Food & Drinks

When is sanitary history too ripe for the jury?

Does a company’s sanitary record figure into its possible criminal conduct when involved in an outbreak of foodborne illness?

That question is being disputed during the pre-trial stage of the United States v. Paul Kruse. Pre-trial motions are scheduled for July 22 in the Texas Western District court in Austin.

Kruse, 67, is the retired president of Blue Bell ice cream, the iconic Texas brand that in 2015 was at the center of a deadline listeriosis outbreak. As they approach the Aug.1 trial date for the start of the federal criminal trial that will decide his guilt or innocence, Kruse’s defense attorneys have moved to exclude sanitary issues from jury review.

The defense team, Chris Flood of House and John Cline of Seattle, have moved to strike sanitation issues from the indictment, thereby preventing that information from ever going to the jury.

The four government prosecutors assigned to the case oppose the defense motion. “Because the allegations regarding sanitation issues are material and relevant to the defendant’s scheme to defraud Blue Bell Creameries, L.P. (Blue Bell) customers, the motion should be denied,” government attorneys say.

Tara M. Shinnick, Matthew Lash, Patrick H. Hearn, and Kathryn A. Schmidt are the four attorneys assigned to represent the government. All four are from the U.S. Department of Justice Consumer Protection Branch.

Kruse was indicted in 2020 for one count of conspiracy and six counts of wire fraud. He pleaded not guilty to the charges.

The indictment claims there was a conspiracy to obtain money from Blue Bell customers by “false and fraudulent” pretenses.

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The government attorneys say Kruse “knew for years that appropriate practices to ensure sanitary conditions were not being followed and achieved at Blue Bell manufacturing facilities, a practice which resulted in a deadline outbreak of disease.”

They say the origins of the 2015 listeriosis outbreak at two Blue Bell plants occurred “long before. “The evidence at trial will show that as early as 2010, the defendant was aware of roof leaks, condensation, and other unsanitary conditions at Blue Bell plants and yet allowed them to persist, prosecutors tell the court. “Under his leadership, Blue Bell shipped products with levels of coliforms that he knew exceeded the state standard. 

“.Coliform testing is commonly used in the food industry to indicate the sanitary quality of products and the sanitary conditions of manufacturing facilities,” they add. “It is understood in the food industry that high levels of coliforms indicate unsanitary conditions in the facility, which can lead to bacteria and contamination issues, including the presence of L. mono (Listeria monocytogenes).”

In keeping the sanitation issues before the yet-to-be picked jury, the government says that because of high coliform levels at Blue Bell facilities, the company’s Quality Assurance team started testing finished products for Listeria in 2011. 

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They say the Quality Assurance Manager will testify at trial that Kruse ordered it be shut down. “After this instruction from the defendant, two samples that had already been sent for testing came back presumptively positive for Listeria.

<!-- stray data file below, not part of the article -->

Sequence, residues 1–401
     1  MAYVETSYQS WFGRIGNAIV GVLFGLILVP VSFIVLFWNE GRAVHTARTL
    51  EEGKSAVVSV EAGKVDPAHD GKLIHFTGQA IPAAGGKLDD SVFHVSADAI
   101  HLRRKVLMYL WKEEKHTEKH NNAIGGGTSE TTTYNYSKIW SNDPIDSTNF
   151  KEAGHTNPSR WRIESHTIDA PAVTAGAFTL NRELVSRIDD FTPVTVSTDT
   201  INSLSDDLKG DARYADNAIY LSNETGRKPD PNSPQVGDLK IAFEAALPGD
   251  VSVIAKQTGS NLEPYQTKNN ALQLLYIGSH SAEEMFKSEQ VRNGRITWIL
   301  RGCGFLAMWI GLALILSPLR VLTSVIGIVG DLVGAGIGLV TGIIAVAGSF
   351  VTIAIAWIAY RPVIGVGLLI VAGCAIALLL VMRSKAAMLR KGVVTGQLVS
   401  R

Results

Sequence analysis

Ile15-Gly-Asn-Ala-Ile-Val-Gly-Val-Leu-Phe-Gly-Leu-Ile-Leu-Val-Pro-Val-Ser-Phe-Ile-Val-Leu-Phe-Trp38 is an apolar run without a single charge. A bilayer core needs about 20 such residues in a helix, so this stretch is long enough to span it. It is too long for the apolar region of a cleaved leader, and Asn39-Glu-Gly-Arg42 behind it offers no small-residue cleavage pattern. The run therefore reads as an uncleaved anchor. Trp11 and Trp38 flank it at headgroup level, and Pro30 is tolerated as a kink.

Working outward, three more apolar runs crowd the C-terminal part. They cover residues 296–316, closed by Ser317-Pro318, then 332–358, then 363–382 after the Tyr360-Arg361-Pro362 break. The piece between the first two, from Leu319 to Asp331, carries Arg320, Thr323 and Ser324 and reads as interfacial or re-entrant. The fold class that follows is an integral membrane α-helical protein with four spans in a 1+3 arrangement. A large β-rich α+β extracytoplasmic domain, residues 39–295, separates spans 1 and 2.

According to the government, the defendant again ordered the program to be shut down when told about the presumptive positive tests. “The evidence at trial will show that Blue Bell shipped those presumptive positive products out to customers without regard to their safety.”

The defense argued that a discussion of sanitary issues is “surplusage” to the indictment. The prosecution cites judicial sources to say that such a motion must be “exacting and strict” and is rarely granted.

The prosecutors say a “court should not grant a defendant’s motion to strike surplusage as prejudicial unless it is clear that the information is not relevant and is prejudicial.” 

“If the evidence of the allegation is admissible and relevant to the charge, then despite prejudice, the language will not be stricken,” they add.

Kruse is a resident of Brenham, TX, the headquarters of Blue Bell, and its long association with his family.

He issued, in 2015, the first recall in the company’s century-long history and suspended all production for several weeks. In the four-state outbreak, there were three deaths among 10 illnesses. All 10 patients were hospitalized.

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A federal Grand Jury indicted Kruse in 2020 after a five-year investigation.

The Austin-based federal Western District Court for Texas has state that it “finds the United States v. Kruse a complex criminal case.” 

As a corporate entity, Blue Bell pleaded guilty in a related case in 2020 to two counts of distributing adulterated food products in violation of the Federal Food, Drug, and Cosmetic Act.

The company agreed to pay criminal penalties totaling $17.5 million and $2.1 million to resolve False Claims Act allegations regarding ice cream products manufactured under unsanitary conditions and sold to federal facilities, including the military. The total $19.35 million in fines, forfeiture, and civil settlement payments was the second-largest amount ever to resolve a food safety matter.

Kruse is the only individual facing criminal charges because of the 2015 outbreak.

Blue Bell Creameries, founded in 1907 in Brenham, TX, today produces Blue Bell ice cream for national distribution.

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